Thursday, July 10, 2008

Birthday Wishes


Happy birthday to Ron Glass, who turns 63 today. Glass is of course best known for playing Detective Harris, the author of the police novel Blood on the Badge, on "Barney Miller," which is weirdly absent from the common venues of syndication. Doesn't everyone think this was a great show?

In terms of their level of amusement, and leaving Captain Miller out of it, I would rate the denizens of the Twelfth Precinct as follows:

1. Dietrich
2. Yemana
3. Wojo
4. Fish
5. Harris
6. Chano
7. Levitt
8. Inspector Luger

So you can see, they kind of ran into trouble when Jack Soo died and Fish got his own show (remarkably enough, as of 12:16 p.m. Mountain Daylight Time, July 10, 2008, Abe Vigoda is still alive). Before that, though, "Barney Miller" was quite a show.

Glass went on to play Felix to Demond Wilson's Oscar in "The New Odd Couple," which lasted longer than Wilson's other post-"Sanford" vehicle, "Baby I'm Back," although not as long, I think, as the Saturday morning cartoon "The Oddball Couple."

13 comments:

MJN said...

It's a rare treat to stumble across a "Barney Miller" rerun these days. It's got to be one of the most underappreciated sitcoms ever. I know I appreciate it a whole lot more as an adult than I did when it first aired.

One of the most amazing aspects of the show was that virtually all of the action took place in that tiny squad room (or, occasionally, in Capt. Miller's adjacent office), week after week. Has any other show since "The Honeymooners" been so restricted to a single small set?

Scraps said...

Several years after the (relatively weak) first season appeared on DVD, the second season finally came out last year. I hope there'll be more, but it's probably unwise to get my hopes too high. Dietrich of course isn't in the second season yet, but Landesberg does make a couple of appearances.

Even when you do see Barney Miller in syndication these days, you never see the funniest one: the episode with the hash brownies.

T. Nawrocki said...

In the first season, they went back to Captain Miller's apartment regularly (Barbara Barrie as Mrs. Miller was even a regular cast member) but they gave that up pretty quickly as unnecessary. Most work-based shows have at least one home as an alternate set; most home-based shows have at least two rooms as regular sets.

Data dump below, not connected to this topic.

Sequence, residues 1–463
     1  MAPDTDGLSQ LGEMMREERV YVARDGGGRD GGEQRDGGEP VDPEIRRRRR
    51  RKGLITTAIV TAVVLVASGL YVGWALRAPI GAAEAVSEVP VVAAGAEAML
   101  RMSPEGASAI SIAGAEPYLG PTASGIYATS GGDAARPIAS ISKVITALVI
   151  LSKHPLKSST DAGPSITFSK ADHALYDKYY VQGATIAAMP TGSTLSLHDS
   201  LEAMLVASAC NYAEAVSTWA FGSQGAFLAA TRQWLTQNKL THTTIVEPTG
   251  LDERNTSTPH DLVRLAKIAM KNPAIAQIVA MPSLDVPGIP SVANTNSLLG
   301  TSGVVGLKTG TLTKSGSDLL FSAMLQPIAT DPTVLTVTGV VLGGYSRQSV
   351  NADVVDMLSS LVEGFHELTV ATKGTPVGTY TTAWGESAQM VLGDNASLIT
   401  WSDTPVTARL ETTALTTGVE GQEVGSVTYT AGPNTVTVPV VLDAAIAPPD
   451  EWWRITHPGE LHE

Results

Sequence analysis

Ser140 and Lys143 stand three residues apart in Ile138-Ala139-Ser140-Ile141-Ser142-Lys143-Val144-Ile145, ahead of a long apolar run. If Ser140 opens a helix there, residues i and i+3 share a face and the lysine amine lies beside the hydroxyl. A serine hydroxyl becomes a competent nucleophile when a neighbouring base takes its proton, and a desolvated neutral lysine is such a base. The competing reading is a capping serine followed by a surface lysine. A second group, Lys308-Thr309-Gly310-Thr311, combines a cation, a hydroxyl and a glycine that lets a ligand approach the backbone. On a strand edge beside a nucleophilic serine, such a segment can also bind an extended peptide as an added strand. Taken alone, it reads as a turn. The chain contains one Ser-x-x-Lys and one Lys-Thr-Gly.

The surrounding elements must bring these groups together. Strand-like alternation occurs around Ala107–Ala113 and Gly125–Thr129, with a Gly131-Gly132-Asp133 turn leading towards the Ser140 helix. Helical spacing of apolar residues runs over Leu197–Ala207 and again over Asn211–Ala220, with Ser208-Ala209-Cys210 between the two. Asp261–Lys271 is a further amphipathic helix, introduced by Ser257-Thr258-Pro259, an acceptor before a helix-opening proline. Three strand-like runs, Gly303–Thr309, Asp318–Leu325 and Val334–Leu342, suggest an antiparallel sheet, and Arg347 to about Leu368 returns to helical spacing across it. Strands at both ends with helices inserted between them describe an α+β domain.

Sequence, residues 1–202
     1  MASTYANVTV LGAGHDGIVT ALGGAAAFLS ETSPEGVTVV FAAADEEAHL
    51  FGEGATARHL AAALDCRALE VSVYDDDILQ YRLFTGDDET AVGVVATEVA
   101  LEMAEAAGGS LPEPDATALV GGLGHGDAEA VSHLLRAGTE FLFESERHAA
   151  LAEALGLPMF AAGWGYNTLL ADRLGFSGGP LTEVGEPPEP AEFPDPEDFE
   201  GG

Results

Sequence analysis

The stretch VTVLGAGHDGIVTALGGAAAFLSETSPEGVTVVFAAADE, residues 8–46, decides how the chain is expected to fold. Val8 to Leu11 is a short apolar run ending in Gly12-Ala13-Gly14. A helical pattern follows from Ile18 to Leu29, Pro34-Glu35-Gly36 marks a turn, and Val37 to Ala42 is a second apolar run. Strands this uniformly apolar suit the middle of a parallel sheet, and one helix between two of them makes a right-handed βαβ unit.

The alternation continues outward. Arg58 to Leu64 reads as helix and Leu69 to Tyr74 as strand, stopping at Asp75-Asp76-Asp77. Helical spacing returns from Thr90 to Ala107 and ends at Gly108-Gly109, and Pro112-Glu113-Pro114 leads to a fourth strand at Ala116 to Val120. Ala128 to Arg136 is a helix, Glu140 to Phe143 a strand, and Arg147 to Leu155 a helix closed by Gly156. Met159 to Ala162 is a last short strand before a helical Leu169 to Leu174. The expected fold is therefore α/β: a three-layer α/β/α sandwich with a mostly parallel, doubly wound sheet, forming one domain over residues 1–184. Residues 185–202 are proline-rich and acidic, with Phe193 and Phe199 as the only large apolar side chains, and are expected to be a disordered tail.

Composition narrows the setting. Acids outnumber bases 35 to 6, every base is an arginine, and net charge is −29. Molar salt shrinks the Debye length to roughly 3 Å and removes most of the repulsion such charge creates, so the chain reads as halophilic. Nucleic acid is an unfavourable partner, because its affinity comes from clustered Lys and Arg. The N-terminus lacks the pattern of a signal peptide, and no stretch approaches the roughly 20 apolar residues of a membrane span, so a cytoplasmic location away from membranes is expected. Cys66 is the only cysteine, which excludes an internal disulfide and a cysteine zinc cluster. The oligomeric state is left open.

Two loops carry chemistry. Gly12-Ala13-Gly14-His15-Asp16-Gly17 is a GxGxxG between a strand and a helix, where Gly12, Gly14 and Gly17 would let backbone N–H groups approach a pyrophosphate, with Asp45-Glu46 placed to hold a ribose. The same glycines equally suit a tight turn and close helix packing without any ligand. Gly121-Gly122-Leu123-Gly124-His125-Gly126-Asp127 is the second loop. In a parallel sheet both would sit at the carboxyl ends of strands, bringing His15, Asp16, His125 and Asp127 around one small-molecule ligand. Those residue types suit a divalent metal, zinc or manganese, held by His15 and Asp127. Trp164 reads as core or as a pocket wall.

I just ordered the second season DVD. The third season would be better, since that's when Dietrich replaced Chano.

T. Nawrocki said...

Even when you do see Barney Miller in syndication these days, you never see the funniest one: the episode with the hash brownies.

I know that's pike's favorite episode. "Anybody seen my legs?"

Scraps said...

"You dip 'em in the coffee and they get all mushy. Mushy, mushy, mushy."

Scraps said...

Barney Miller is also extraordinary in that by the time Dietrich appears, the show features three great deadpan comedians: Landesberg, Soo, and Vigoda. Almost all of the antic humor is provided by guest actors, and they had a great parade of fine character performances on the show.

MJN said...
This comment has been removed by the author.
Pike said...

The line after "Anyone see my legs?" has Yemana adding, "They're about THIS long."

Fantastic.

It's also the episode where a hash-empowered Fish chases a perp across rooftops, shoves him around, and books him -- after which the perp describes him as some sort of supercop.

MJN said...
This comment has been removed by the author.
Mark Lerner said...

Not only did Barney Miller fail to make me smile, let alone laugh, but the bass line in the theme music quickly became the same sort of teen-trying-out-instrument-in-music-store annoyance that "Stairway to Heaven" is for guitarists.

However, because I can easily imagine Ron Glass googling himself daily and thereby stumbling across this thread, I'd just like to say: Happy Birthday, whichever one of those guys you were.

Pike said...

He was Harris.

Harris.

Scraps said...


It's also the episode where a hash-empowered Fish chases a perp across rooftops, shoves him around, and books him -- after which the perp describes him as some sort of supercop.


"What do you think you're dealing with? Kids?"

Pike said...

Marvelous. I'd forgotten that.